My husband refuses to eat salad as a main dish. C’est comme ça. In Antoine’s book, if a main meal is served cold, it’s not dinner – even when the temperatures soar to a sweltering 37°C like it did this week in Paris.
The Corsicans have a reputation of being stubborn and as just-as-stubborn a Scot, in our 20 years together, we always reach some kind of a compromise. For a salad, this delicious exception to his cold salad rule is a salade de chèvre chaud, since the goat’s cheese is melted under the grill.
When I first tasted this salad as a student in a Parisian brasserie, it was a far cry from the one I later learned to make in Provence. Alas, many brasseries use the horrid plastic-tasting, pasturised goat cheese which can be pretty nasty.
The best goat cheese to use is Crottin de Chavignol. The French are normally so poetic but when it came to officially naming this cheese, they somehow lost their romantic charm: it literally means goat’s droppings. I’m swiftly passing this part by, as it couldn’t be further from the amazing flavour of this lait cru (raw milk) cheese.
As a student, Antoine introduced me to some of his friends in Provence. I hardly spoke a word, apart from Je m’appelle Jill with the most attrocious Scottish accent. On top of that, their typical twangy southern accents had me even more bewildered: ‘du pain’ is pronounced ‘du paing’, ‘du vin’ is ‘du vaing’, and so on. Even when they swear it has a song to it.
As the men sat around – catching up on gossip on the terrasse – the girls took me under their wings in the kitchen. We didn’t need much conversation: everything was self-explanatory as the most fresh and flavoursome produce lay in front of us on an ancient oak table.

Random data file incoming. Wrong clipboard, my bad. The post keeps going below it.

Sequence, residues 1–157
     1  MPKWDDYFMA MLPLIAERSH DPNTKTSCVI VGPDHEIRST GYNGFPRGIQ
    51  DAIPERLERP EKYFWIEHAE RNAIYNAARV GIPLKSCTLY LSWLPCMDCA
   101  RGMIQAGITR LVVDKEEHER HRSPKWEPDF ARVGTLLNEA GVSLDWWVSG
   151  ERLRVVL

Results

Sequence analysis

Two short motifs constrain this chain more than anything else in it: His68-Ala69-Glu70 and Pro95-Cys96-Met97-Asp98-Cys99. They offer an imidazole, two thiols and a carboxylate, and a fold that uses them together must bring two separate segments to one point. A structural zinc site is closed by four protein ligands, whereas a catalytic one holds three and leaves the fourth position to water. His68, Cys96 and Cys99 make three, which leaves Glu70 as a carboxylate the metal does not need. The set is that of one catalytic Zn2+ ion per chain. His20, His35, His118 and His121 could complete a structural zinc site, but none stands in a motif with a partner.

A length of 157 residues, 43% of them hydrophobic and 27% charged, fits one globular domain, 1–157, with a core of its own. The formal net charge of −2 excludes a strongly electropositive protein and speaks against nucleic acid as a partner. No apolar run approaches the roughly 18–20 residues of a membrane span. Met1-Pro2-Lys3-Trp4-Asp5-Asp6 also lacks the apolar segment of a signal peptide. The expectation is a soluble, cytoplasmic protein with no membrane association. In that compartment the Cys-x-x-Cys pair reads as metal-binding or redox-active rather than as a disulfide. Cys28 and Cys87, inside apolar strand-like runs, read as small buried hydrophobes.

There’s nothing to this salad and it’s not even a recipe, really. (If you would prefer me to write it out, please say, otherwise I’m just leaving it like this.)
The most important lesson I learned from them was to put a simple bay leaf on top of each slice of crusty baguette which had been dribbled with olive oil before laying the slice of chèvre, walnuts, rosemary (or herbes de provence) on top and dribbled with more olive oil before toasting in the oven. What’s the big deal with the bay leaf? Well, when you taste it this way you don’t want your salad any other way again.
Serve on top of a mesclun salad, topped with a good dose of lardons (bacon bits), a dash of fresh thyme and plenty of chopped garlic (don’t forget to remove the core first, as it’s easier to digest) that have been pre-fried together. Toss the salad in some vinaigrette dressing.
Just remember to take out the bay leaf before eating: you’ll see just how it’s all beautifully fragranced; oh-là-là, summer, Provence, and with a glass of chilled rosé amongst friends; and time for the girls to join in the gossip.
This week’s soaring temperatures reminded me of when we lived in Paris, just 5 minutes’ walk from the Eiffel Tower. Being in an apartment that was south facing with no air conditioning was a challenge at times in summer: it’s no wonder we used to just stoodge about in our swimming gear.
Now that we’re out in the suburbs with a house, kids and garden, we can sit out and enjoy the shade of the laurel bay tree – thinking of our next salade de chèvre chaud. But there are still the heat challenges: the metal on our front gate had expanded so much, that we couldn’t get out. Now, that’s certainly a new excuse for being late for school!
After our recent trip to the Loire, I’m craving more goat cheese. This is what I had this week for lunch while it was 37°C – and no, Antoine didn’t have this cold stuff. Roughly chopped cucumber, watermelon, melon de Cavaillon, goat cheese, chives – all tossed in olive oil and lemon juice (or mix olive oil and limoncello for something more adult) and served with a crusty baguette.